- Database Encryption: Most modern database platforms offer the ability to partially (i.e., a selected number of columns) or entirely (by tablespace) encrypt database storage. This is configured by the database administrator and is transparent to applications using the database. Note however that this approach only protects against theft of the database, as the data is fully accessible via a compromised account or certificate.
- Application Encryption: The application is responsible for encrypting data before storing it and decrypting after reading it. Because all other applications seeking to share the date must implement the same solution, this presents a security challenge. The data is protected from database theft and database account compromise, but not application compromise. It is essential that the application employs a modern public encryption algorithm that is not known to have been previously compromised.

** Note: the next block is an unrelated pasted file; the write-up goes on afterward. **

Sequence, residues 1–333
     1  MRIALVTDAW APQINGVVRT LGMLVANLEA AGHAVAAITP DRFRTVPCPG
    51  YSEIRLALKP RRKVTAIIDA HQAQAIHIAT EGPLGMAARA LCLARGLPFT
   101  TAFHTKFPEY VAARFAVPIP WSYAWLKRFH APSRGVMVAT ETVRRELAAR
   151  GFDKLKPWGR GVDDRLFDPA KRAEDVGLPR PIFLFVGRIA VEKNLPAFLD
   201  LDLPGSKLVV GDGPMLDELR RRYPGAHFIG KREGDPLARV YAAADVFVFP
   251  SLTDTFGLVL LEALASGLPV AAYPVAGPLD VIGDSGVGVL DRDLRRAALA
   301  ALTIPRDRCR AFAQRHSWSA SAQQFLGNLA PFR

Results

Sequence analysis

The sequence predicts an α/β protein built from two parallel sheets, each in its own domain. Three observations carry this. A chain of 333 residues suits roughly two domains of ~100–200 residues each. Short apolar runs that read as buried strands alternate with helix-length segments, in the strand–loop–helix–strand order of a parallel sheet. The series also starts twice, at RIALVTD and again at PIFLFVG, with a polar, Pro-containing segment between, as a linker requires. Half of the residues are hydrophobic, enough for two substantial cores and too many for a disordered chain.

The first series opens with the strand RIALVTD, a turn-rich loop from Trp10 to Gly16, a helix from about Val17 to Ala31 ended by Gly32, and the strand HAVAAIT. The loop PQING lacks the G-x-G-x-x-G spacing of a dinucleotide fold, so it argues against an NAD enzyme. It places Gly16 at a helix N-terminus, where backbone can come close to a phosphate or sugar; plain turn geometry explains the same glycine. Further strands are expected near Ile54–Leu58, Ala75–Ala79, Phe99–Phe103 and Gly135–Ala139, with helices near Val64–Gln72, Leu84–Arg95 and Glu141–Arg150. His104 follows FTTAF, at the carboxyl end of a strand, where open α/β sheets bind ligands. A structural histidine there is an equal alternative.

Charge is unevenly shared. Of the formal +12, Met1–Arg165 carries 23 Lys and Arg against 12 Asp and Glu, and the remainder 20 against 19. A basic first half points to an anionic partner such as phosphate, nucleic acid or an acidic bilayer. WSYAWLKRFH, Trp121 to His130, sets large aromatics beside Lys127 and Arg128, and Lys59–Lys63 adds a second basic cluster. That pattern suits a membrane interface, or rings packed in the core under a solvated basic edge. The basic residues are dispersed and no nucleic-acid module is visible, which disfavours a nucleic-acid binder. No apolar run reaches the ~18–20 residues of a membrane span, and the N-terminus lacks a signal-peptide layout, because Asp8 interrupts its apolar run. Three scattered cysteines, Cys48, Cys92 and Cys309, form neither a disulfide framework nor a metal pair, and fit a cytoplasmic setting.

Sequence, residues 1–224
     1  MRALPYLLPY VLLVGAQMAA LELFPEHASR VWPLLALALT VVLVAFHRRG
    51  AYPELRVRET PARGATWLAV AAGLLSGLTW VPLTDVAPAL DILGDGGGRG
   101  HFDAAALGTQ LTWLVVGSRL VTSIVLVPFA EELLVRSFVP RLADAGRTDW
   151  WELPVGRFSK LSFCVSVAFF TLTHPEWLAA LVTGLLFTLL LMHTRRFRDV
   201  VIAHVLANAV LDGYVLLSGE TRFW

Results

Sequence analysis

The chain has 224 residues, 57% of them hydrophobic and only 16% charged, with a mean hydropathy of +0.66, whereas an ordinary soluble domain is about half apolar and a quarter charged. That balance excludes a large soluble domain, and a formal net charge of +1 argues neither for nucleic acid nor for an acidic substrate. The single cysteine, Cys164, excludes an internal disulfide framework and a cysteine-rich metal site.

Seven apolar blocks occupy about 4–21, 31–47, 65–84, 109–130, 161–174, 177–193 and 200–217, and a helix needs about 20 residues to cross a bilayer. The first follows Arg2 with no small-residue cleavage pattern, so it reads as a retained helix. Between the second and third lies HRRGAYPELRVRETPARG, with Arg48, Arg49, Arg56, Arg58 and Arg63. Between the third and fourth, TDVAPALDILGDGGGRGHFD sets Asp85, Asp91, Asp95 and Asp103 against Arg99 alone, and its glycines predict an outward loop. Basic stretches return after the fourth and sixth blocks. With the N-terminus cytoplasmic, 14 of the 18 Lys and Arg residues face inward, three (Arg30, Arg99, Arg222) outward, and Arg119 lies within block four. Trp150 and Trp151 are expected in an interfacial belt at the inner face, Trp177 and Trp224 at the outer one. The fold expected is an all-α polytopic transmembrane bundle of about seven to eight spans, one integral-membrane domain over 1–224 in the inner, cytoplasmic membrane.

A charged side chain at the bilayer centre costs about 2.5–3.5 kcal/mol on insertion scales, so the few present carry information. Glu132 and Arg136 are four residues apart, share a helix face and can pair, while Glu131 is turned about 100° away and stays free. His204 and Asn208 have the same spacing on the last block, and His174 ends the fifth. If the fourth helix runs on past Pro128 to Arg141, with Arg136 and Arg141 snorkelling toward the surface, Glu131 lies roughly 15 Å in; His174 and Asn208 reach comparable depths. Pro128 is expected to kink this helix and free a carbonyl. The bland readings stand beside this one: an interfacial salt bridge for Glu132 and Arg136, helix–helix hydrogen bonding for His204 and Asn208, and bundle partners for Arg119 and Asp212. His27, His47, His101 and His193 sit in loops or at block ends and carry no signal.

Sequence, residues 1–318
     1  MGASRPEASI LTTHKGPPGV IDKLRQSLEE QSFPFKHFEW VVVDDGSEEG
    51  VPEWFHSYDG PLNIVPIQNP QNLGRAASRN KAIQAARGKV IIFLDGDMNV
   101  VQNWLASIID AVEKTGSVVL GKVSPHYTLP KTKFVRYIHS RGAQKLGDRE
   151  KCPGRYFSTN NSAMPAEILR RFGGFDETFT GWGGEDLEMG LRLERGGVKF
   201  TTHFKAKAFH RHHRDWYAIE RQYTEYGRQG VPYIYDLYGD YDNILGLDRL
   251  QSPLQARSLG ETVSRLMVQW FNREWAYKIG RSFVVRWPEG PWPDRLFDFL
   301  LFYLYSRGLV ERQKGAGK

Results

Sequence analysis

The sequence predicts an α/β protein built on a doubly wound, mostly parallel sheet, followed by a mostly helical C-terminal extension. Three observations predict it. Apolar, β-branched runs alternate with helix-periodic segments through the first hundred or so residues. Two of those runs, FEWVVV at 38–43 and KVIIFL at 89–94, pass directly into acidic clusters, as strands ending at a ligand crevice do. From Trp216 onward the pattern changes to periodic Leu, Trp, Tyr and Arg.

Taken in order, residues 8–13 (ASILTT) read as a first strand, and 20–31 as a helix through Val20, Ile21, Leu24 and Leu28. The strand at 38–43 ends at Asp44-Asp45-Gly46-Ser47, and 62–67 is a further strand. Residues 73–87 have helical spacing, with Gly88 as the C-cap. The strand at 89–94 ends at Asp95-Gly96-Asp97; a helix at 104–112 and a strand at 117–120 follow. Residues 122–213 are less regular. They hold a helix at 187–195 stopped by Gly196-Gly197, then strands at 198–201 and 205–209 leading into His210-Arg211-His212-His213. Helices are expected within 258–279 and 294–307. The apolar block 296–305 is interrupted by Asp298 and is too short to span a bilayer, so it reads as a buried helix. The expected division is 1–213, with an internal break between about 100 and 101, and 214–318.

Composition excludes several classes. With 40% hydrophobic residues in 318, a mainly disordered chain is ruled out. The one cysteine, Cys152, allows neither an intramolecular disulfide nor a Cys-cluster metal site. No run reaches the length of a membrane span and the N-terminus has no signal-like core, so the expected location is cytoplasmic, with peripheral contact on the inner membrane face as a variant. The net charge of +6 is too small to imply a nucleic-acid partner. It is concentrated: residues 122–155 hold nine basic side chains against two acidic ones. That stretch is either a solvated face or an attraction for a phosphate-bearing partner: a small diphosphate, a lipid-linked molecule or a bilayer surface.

Avoid storing the data. It is highly advisable not to persist in sensitive data, unless necessary for business reasons.
Failure to Restrict URL Access
Most web applications check for URL security access when protected pages are being accessed, but do not perform these checks each time. As a result, attackers can easily forge URLs and access sensitive data and hidden pages.
Veracode’s static code analysis tool is an excellent solution to find URL access vulnerabilities in your application code.
Insufficient Transport Layer Protection
Through transport layer protection, web applications can assure the users that their interaction with the website is happening in a secure environment and their data is safe from attackers. When there is insufficient TLS (Transport Layer Security), the user can be prompted with a warning about the low protection. Without transport layer protection user confidentiality and sensitive data are at risk. Implementing SSL (Secure Socket Layer) is currently the most common way to provide this protection, and the SSL implementation needs to be checked to ensure that it is correctly implemented.
Prevention Measure(s): Use TLS/SSL.
Calomel SSL Validation is a helpful add-on in this regard.
Unvalidated Redirects and Forwards